Renting out your home, or part of your home, can be a great way to generate some income. If your kids are going off to college, you may want to rent out their room (against their wishes). Maybe you have adult children who no longer live at home and you are empty nesters. Renting out part of your home can be great. Renting out a room or part of your house can also be an easy way to boost your income if you are retired. Something everyone who rents out part of or all of their home needs to know about is the Augusta rule. This tax law can help you save thousands of dollars when it comes time to pay taxes on the income generated from renting out your home.
What is the Augusta Rule?
Before you get too excited, we need to lay out the frame work to the Augusta rule. The Augusta rule is defined in Section 280A(g) of the Internal Revenue Code (IRC). This section states that taxpayers are allowed to exclude certain rental income. Specifically, the code states that if a “dwelling unit” is rented for less than 15 days then no income or deduction is reported.
The term “dwelling unit” includes a house, apartment, condominium, mobile home, boat, or similar property. It also includes all structures or other property appurtenant to such dwelling unit. This gives you a lot of flexibility, especially considering the property does not have to be your primary residence.
How can you avoid taxes on rental income?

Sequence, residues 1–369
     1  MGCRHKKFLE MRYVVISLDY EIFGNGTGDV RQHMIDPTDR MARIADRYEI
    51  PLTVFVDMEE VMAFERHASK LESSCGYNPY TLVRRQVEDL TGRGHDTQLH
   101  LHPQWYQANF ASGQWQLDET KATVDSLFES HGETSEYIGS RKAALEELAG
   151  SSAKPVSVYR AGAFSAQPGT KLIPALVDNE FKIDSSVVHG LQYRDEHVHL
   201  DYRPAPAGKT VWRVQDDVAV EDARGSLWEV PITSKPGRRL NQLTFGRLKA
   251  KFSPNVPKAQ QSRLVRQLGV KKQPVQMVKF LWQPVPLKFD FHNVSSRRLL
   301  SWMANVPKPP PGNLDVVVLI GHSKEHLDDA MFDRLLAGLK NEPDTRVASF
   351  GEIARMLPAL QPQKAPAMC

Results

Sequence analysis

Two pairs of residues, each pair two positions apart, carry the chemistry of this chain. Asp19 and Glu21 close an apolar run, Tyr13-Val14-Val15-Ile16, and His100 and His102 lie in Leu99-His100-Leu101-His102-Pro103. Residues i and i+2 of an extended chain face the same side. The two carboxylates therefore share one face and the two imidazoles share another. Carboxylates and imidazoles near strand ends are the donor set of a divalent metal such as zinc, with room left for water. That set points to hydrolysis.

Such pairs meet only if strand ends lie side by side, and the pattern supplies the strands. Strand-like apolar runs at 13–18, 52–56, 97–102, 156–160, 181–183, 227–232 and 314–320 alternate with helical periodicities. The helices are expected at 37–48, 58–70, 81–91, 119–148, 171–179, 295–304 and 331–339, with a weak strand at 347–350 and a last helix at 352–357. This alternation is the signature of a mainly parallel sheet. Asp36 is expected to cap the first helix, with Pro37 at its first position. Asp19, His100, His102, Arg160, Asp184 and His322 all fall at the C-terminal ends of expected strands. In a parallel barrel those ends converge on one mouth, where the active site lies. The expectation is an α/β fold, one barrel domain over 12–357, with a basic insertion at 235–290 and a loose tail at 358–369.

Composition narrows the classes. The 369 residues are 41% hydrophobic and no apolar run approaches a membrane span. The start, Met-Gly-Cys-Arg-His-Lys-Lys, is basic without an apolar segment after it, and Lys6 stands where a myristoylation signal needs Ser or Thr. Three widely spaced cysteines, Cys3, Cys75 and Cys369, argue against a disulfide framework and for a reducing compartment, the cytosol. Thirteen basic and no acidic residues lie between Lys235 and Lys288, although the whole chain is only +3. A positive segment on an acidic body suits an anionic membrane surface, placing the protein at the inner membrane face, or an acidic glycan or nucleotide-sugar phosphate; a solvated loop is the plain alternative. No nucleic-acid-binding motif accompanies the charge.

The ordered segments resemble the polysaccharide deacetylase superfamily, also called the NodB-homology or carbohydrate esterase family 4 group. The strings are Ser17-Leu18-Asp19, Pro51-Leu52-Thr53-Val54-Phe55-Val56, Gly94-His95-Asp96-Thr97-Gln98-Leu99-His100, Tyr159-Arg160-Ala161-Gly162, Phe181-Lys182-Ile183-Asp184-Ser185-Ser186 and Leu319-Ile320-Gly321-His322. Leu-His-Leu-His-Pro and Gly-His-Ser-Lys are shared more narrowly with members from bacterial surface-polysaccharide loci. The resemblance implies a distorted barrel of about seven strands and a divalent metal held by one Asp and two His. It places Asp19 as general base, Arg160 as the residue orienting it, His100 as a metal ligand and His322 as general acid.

The Augusta rule is your answer to helping you avoid taxes on rental income. This can be huge if you live near major sporting events. Terms in this section can be ambiguous, however you can only avoid taxes on income from renting your home out for less than 15 days. This means 14 days at the most.
Why do they call it The Augusta rule?
You may be wondering why this tax rule is called the Augusta rule. Well, the rule actually gets it’s name from the home of the Master’s Tournament. This golf match is played in none other than Augusta Georgia.
As many as 50,000 fans from across the country come to Augusta every year to see the world’s best golfers compete. This is not only a windfall for Augusta but also for the residents who want to earn tax free income.
Augusta Rule Funny Business
With the popularity of this rule, and its advantages, many people try to take advantage of it. They may not be doing this in ways that come to mind. You may have seen or heard that if you rent your home to your business for $1,000 per day for 14 days a year you can write off $14,000 a year without having to pickup rental income. While this is true, there are some details you need to be aware of.
First, you need to have a legitimate business. Plus, it needs to be an actual business expense. Without a written contract between yourself and your business you’ll have a hard time proving this deduction to the IRS. Lastly, the rent needs to be at a fair rental price. Can you actually rent out a room in your house for $1,000?
One more thing you should know is that this trick not work if you are a sole proprietor of an LLC. Single member LLC’s are disregarded for tax purposes so therefore you can’t rent to yourself.
Avoiding Taxes Through the Augusta Rule – Summary
The Augusta rule is one of the tax laws that can actually benefit regular people. To summarize, this rule allows for you to rent out a “dwelling unit” for 14 days or less and not have to pay any income tax on the income generated. This can be huge if you live near major events.
Before you start taking advantage of the Augusta rule, or try to use this rule in combination with a business, check with your financial advisor, accountant, or tax expert.